in Shocktober

Perfect Blue (1997)

Maybe I was always going to love whatever the next movie I watched after Twilight was, but damn, dude. Damn! I’ve been wanting to check out the works of Satoshi Kon for a long time, particularly Paprika, and now it’s become important I do so once we’re done with Shocktober. At only 87 minutes, Perfect Blue never had a chance to do anything but lock me into its twisted world. Really, the biggest caveat I can think of is that it’s hard to convince other people to watch an anime, even if it’s a stand-alone compl–I mean movie.


In the west, the one thing you’ll hear about Satoshi Kon is that his work was hugely influential on Darren Aronofsky. Aronofsky supposedly bought the rights to Kon’s directorial debut, Perfect Blue, just so he could copy a shot from it in Requiem for a Dream. Years later, Black Swan came out and was essentially an American, live action remake of Perfect Blue. Clearly, Aronofsky likes this movie. But it seems reductive to just talk about Perfect Blue, and Kon’s brief career, as an inspiration for American art. After all, he did it first and maybe did it better too.

Mima (Junko Iwao) is the lead singer of a J-pop trio called CHAM that seems to be just shy of real success. At a somewhat disastrous performance at a festival, Mima announces that she is leaving the band to pursue her career as an actress. This upsets some of her fans and she comes home to an anonymous fax (this is 1997) with “traitor” written all over it. Even more alarmingly, after being taught to use the Internet (again, 1997) Mima finds a website called “Mima’s Room” that is full of detailed diary entries supposedly written by her. She brings this to the attention of one of her managers, fellow ex-pop idol Rumi (Rica Matsumoto), but is told to ignore it.

A crime drama series called “Double Bind” serves as Mima’s first major role, on which she is asked to perform continuously compromising scenes. Around the same time, people involved in Mima’s new career direction start getting murdered. Mima, increasingly traumatized by everything, starts having trouble keeping a hold on reality, and becomes especially paranoid of a stalker that seems to be everywhere. But mostly she has to worry about the other, supernatural version of herself, the one from the online diary. The doppelganger/specter/whatever starts visiting Mima, claiming this new actress version of herself is an imposter and that she is the real one.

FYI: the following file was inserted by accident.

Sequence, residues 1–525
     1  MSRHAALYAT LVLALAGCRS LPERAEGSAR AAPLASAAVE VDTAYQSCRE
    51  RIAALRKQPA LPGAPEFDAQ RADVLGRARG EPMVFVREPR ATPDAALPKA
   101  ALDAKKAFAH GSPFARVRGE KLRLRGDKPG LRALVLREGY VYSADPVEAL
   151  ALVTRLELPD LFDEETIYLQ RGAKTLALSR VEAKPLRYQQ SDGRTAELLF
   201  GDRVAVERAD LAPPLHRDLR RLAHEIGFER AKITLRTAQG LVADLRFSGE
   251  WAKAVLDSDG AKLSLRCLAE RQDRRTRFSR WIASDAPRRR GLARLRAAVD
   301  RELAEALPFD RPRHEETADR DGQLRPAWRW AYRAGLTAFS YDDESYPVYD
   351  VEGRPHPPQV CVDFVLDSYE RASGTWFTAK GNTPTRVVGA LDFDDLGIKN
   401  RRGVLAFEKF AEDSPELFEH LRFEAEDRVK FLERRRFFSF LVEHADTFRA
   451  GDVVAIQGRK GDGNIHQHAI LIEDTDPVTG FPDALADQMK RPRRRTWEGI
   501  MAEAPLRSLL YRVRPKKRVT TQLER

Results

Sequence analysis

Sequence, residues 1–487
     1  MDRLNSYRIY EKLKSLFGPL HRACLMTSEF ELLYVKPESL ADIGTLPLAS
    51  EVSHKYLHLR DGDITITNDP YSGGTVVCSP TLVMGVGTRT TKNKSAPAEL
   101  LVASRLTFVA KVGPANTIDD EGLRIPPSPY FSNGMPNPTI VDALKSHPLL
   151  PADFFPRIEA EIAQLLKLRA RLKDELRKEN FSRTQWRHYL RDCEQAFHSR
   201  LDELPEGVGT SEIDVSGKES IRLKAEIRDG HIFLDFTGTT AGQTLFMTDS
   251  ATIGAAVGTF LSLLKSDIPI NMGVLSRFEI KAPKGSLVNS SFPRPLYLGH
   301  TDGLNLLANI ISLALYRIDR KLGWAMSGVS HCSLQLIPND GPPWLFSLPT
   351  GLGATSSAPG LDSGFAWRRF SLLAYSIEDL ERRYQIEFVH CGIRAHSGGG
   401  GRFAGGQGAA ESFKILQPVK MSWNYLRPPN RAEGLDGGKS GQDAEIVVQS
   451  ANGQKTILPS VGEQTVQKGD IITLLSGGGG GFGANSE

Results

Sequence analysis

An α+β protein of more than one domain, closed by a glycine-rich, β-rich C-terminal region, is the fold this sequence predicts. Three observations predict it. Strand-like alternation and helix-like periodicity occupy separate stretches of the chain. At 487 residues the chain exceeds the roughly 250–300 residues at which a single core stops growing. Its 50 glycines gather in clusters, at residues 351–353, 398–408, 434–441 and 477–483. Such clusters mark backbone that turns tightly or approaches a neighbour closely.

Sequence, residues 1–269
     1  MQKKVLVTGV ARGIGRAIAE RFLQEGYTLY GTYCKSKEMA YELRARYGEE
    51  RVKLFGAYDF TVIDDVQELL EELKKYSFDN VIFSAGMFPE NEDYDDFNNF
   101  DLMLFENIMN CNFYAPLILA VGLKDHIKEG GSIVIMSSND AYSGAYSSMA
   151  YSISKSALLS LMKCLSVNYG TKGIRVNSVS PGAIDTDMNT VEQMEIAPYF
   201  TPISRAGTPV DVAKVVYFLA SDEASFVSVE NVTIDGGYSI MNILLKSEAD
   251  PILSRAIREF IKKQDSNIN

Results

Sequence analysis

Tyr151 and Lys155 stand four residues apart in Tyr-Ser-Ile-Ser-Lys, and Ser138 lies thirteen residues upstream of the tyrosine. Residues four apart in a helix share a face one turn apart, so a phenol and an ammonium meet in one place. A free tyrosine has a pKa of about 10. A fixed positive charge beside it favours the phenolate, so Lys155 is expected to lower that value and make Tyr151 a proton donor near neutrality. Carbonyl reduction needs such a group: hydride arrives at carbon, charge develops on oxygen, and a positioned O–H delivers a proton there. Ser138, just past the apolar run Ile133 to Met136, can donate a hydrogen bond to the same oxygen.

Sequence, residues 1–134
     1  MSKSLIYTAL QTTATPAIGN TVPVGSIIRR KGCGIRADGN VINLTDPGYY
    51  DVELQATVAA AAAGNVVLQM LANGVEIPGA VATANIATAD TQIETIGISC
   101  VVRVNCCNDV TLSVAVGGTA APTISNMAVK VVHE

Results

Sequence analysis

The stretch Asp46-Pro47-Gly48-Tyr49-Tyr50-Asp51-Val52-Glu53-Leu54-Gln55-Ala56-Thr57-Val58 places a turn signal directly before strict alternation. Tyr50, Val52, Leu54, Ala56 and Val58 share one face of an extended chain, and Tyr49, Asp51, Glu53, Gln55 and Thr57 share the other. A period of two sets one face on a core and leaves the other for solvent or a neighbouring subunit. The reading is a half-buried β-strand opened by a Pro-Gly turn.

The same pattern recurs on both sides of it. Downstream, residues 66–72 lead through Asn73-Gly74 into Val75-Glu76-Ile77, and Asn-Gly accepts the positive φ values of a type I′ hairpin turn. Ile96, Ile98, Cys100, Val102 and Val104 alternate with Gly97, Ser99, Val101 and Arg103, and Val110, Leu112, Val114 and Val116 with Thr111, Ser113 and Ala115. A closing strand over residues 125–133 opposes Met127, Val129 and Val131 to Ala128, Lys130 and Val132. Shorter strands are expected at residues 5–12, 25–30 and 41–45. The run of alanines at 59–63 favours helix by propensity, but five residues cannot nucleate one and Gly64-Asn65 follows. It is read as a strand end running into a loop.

Perfect Blue creates horror from discomfort. There are a few scenes of grotesque violence, but most of the time Kon prefers to show you the lead up to and the result of murder, skipping the actual act. Since the story is told almost exclusively from Mima’s point of view, it leans hard into her paranoia, fear, and confusion. By the end of the movie, I was having as hard a time keeping track of what really happened as she was. Maybe harder.


Of course, as anyone who’s seen something like Sunset Boulevard or Mulholland Drive will tell you, the idea of reality is strange for celebrities and their fans, and Perfect Blue delves deep into that. Kon puts us on the stage with CHAM, and it feels super weird to see how much of a farce the whole pop idol thing is. Their bubbly performance is intercut with scenes of Mima grocery shopping, a juxtaposition begging you to ask which one is the real Mima? Could she possibly be both? When she performs a nightmarish rape scene for “Double Bind” she screams in terror, then the director yells cut and she goes blank. The man who was seconds ago ripping her clothes off apologizes for having to hold himself close to her while the crew sets up the next shot. She says not to worry about it.

Adding to this question of reality is the fact that this is an animated film. It doesn’t necessarily have to be, right? I mean, this isn’t Akira, it’s the story of an actress and her career. But animation allows a director total control over what you are seeing, more than you could ever have with real people and places. Kon uses a highly-detailed style, which means there’s rarely much motion on the screen. It’s an acquired taste, but it works: A sexy photo shoot is shown as manipulative and demeaning as those kinds of things are in real life, creepy people appear more like monstrous beings than fellow humans, surreal moments look all the more bizarre in the ways that they move and are colored differently than the rest of the film. Plus, there’s the impossible-to-do-in-real-life editing.

Perfect Blue is a psychological thriller in the tradition of movies like Vertigo and Brazil. Those are films I would comfortably give five stars to, and I’m inclined to put Perfect Blue in that company. Just like those movies, once I got over the visceral thrill of what I had watched, I was left thinking about its critique of celebrity, performance, sexism, and the superficial culture capitalism creates… I’m really glad I got to see this instead of Tetsuo: The Iron Man.

  1. I couldn’t agree with you more. I have to see more of Satoshi Kon’s stuff. His segment, “Magnetic Rose” in the anime anthology film Memories is one of the creepiest and yet most beautiful things I’ve seen. It’s a shame he gone.

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